Many missionaries have discovered the blessings that come from fasting and praying. President Ezra Taft Benson told of an experience he had as a missionary fasting and praying with his companion:
“Out of personal experience, I know the efficacy and power of prayer. When I was a young missionary in Northern England in 1922, the opposition to the Church became very intense. The opposition became so strong that the mission president asked that we discontinue all street meetings, and in some cases tracting was discontinued.
“My companion and I had been invited to travel over to South Shields to speak in the sacrament meeting. In the invitation they said, ‘We feel sure we can fill the little chapel. Many of the people over here do not believe the falsehoods printed about us. If you’ll come, we’re sure that we’ll have a great meeting.’ We accepted.
“We fasted and prayed sincerely and went to the meeting. My companion had planned to talk on the first principles. I had studied much in preparation for a talk on the apostasy. There was a wonderful spirit in the meeting. My companion spoke first and gave an inspirational message. I responded and talked with a freedom I had never experienced before in my life. When I sat down, I then realized that I had not mentioned the apostasy. I had talked on the Prophet Joseph Smith and borne my witness of his divine mission and to the truthfulness of the Book of Mormon. After the meeting had ended, several people came forward, some of them being nonmembers, and said, ‘Tonight we received a witness that the gospel is true as you elders teach it. We are now ready for baptism.’
“This was an answer to our fasting and prayers, for we prayed to say only those things which would touch the hearts of the friends and investigators” (in Conference Report, Apr. 1977, 46; or Ensign, May 1977, 33–34).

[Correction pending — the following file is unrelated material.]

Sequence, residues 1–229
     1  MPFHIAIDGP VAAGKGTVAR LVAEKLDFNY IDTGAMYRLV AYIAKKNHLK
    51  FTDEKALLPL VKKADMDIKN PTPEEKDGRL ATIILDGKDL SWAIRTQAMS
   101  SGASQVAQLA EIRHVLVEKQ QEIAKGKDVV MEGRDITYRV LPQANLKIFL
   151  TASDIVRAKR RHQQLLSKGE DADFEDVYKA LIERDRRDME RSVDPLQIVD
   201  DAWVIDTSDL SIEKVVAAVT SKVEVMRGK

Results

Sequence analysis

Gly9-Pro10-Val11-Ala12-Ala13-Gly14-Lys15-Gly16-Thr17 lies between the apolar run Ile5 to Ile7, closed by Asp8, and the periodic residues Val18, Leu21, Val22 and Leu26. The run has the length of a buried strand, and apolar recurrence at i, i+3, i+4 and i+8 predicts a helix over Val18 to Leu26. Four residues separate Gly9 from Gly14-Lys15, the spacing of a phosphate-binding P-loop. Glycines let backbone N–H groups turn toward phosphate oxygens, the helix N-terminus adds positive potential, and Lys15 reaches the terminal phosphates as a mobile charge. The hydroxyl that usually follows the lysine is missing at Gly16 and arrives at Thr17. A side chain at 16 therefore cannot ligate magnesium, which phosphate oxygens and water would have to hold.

There are many other times when fasting and prayer can help us accomplish the Lord’s work. For example, we can fast and pray for the families we home teach. We can also fast and pray as a quorum for one of our quorum members or his family.
Through prayer and fasting, we can be blessed physically and increase in faith and spiritual power. Such power is necessary if we are to be successful in our labors and in strengthening ourselves and others.
Determine some of the things you need to fast and pray about in your personal life and in your family. Think also about some of the needs of your fellow quorum members. Commit yourself to pray and fast for one of these purposes.
Matthew 6:5–15 (the Savior explains how we should pray)
Luke 18:1–14 (we should be persistent in prayer)
2 Nephi 32:8–9 (we should pray before doing the Lord’s work)
Alma 34:17–28 (we should pray about everything we do)
Moroni 10:3–5 (we can know the truth of all things through prayer)
Doctrine and Covenants 19:28 (we should pray both in public and in private)
Doctrine and Covenants 88:119 (we should establish a house of prayer and fasting)
Exodus 34:27–28 (Moses fasted before receiving revelation from God)
Luke 2:36–37 (Anna served God by fasting and praying)
Acts 13:2–3 (fasting can bring the inspiration of the Holy Ghost)
Mosiah 27:23 (the fasting and prayer of others helped Alma recover)
Alma 6:6 (the Nephites fasted and prayed for those who didn’t know God)
Alma 17:9 (missionaries fasted and prayed for the Spirit)
Alma 45:1 (praying and fasting is one way to give thanks to God)
Before presenting this lesson:
Read Gospel Principles chapter 8, “Praying to Our Heavenly Father.” Assign a class member to give a three-minute review of that lesson.
Read Gospel Principles chapter 25, “Fasting.” Assign a class member to give a three-minute review of that lesson.
Assign class members to present any stories, scriptures, or quotations you wish.